From Bill Redmond
Attempts by Greenpeace activists to disrupt the docking of a coal ship at Kingsnorth power station in Kent, England on June 22 may have risked their own lives but they may also have unwittingly exposed a hazard that all seafarers face — exposure to ships’ toxic emissions.
The Greenpeace attempt, involving nine activists boarding the ship from inflatables, was a protest at energy giant Eon’s plans to build a new coal-fired power station alongside the existing dual fuel station (coal and oil). For its part Eon says that the proposed power station would be 20% more efficient but the regulations would force Eon to install equipment to capture and store carbon dioxide (CCS) on only a quarter of the proposed plant.
Dealing with hugely complex issues like climate change, however, on which there is still much uncertainty, could have negative reactions caused, in part, by lack of cogent research and in this it seems that the green movement’s greatest triumph — the abolition of ozone destroying CFC gases — has been a colossal own goal.
When CFCs, used mainly in refrigeration and air conditioning, were found to destroy the ozone layer they were banned under the 1987 Montreal protocol. Their replacement by HFCs (hydroflourocarbons), however, can now be shown to be contributing seriously to green house gases. A ton of HFC-23, for example, has the same global warming potential as 14,800 tons of carbon dioxide. By 2050 demand for HFCs will likely increase by 800% without legislative changes.
Fortunately, there are viable alternatives available that do much less damage but what, if any, are the alternatives to make seafarers’ lives healthier and, for that matter, the estimated 39,000 Europeans who die prematurely each year from ships’ toxic emissions?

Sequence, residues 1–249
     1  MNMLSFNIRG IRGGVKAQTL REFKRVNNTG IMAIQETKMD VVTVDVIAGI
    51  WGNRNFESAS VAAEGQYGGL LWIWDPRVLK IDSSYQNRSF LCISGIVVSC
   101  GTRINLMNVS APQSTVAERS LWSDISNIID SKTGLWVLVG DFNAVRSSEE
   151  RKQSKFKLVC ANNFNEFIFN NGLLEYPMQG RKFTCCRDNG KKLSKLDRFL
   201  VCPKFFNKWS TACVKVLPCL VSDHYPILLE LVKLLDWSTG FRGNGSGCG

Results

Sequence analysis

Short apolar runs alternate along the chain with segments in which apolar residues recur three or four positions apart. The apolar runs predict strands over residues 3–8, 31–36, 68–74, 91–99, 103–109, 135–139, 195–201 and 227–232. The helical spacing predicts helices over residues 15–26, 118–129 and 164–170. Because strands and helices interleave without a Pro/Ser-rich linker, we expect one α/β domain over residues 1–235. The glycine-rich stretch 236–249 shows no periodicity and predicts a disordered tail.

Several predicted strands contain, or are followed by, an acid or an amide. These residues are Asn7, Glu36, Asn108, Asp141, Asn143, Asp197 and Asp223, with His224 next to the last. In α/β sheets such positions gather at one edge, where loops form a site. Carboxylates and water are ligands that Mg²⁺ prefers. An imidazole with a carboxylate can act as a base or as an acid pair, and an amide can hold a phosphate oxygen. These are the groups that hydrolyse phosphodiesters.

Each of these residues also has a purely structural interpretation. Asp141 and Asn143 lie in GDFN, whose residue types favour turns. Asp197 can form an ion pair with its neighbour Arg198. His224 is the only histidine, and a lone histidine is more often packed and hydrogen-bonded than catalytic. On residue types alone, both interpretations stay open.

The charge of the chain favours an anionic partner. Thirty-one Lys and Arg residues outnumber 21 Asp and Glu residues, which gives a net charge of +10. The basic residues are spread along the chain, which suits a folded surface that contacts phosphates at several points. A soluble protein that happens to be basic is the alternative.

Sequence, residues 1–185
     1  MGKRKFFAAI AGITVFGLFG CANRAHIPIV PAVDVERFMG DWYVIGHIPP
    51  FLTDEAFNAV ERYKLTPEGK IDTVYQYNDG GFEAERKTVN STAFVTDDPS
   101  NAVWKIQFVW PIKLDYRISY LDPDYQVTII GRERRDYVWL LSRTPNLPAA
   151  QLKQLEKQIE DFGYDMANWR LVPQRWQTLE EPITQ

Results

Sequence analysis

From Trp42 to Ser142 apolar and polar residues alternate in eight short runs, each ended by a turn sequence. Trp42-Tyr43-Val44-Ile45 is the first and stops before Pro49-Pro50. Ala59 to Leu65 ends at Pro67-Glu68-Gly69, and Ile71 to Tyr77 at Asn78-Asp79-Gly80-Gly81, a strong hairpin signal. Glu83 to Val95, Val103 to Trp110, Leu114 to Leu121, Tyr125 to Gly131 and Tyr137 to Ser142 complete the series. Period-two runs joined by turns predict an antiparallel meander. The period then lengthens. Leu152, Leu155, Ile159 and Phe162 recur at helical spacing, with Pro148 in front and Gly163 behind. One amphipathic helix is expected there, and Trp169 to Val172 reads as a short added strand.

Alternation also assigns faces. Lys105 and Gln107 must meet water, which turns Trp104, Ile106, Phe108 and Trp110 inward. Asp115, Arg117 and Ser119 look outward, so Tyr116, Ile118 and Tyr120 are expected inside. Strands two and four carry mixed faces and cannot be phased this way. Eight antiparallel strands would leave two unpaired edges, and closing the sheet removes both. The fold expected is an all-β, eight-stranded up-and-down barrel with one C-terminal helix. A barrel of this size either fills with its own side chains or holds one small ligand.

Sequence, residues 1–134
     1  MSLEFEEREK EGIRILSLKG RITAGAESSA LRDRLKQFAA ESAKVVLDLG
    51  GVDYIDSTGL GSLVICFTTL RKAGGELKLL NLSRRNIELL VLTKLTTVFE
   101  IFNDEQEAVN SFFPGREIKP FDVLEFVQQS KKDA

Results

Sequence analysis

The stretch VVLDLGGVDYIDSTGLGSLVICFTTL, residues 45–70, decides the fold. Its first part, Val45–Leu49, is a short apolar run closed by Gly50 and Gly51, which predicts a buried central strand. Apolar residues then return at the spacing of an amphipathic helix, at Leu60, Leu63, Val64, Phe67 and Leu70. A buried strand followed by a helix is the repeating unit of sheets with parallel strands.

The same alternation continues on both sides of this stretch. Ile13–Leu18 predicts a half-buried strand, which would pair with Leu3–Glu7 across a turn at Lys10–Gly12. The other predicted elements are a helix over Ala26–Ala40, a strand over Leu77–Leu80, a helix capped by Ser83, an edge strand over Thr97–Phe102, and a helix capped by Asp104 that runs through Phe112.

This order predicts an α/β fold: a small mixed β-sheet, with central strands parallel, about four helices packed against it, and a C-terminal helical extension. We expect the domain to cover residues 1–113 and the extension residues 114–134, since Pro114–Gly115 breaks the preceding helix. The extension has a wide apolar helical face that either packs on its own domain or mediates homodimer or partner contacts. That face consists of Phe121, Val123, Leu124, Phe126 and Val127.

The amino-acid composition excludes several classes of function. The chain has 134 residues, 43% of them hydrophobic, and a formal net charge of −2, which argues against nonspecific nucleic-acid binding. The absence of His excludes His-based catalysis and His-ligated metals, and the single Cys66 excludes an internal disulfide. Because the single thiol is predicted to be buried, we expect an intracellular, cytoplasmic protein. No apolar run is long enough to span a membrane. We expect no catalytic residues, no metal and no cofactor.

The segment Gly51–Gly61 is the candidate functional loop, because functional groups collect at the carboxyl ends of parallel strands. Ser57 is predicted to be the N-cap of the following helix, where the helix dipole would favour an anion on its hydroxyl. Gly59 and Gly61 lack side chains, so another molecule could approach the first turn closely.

Only recently have scientists been able to calculate the specific impact of ships’ toxic emissions because their known carcinogenic pollutants, like particulates and compounds of sulphur and oxygen, are also emitted by factories, motor vehicles and power plants.
The findings of the latest European research are disturbing. One European Commission study suggests that shipping pollutants are cutting several months off the lifespan of every European. Its study lead author, Janusz Cofalu, of the Institute of Applied Systems Analysis in Austria, said that the growth in international trade and cargo ships, many of which originate in China, would make that far worse. Cofalu predicted that by 2020 Britain’s west coast would be so badly affected by shipping pollution that average life expectancy for people living in or near coastal towns would be cut by 20 to 30 months.
The current situation has been allowed to develop because shipping’s international nature excludes it from most national laws controlling pollution. Thus, 289 million tons of fuel burnt by the world’s cargo ships each year can be sourced from the cheapest and most contaminated sources. These may contain 2,000 times the levels of sulphur allowed in diesel fuels sold for cars, plus many heavy metals and other contaminants. Marine engines worsen the problems because they run at high temperatures and pressures, just right for containing tiny, lethal particles of soot. This partly explains why very large engines in some ships can spew out the same levels of toxins as 50 million cars in a year and spread them for hundreds of miles on winds.
Fortunately, the European Union is planning Europe’s first marine low emission zones, designed to limit pollution from the thousands of giant cargo sips passing along its coasts. It is to be hoped that such zones will be extended to the rest of the world to that seamen everywhere can feel less exposed and part of the estimated 500,000 premature deaths worldwide caused by ships’ toxic emissions.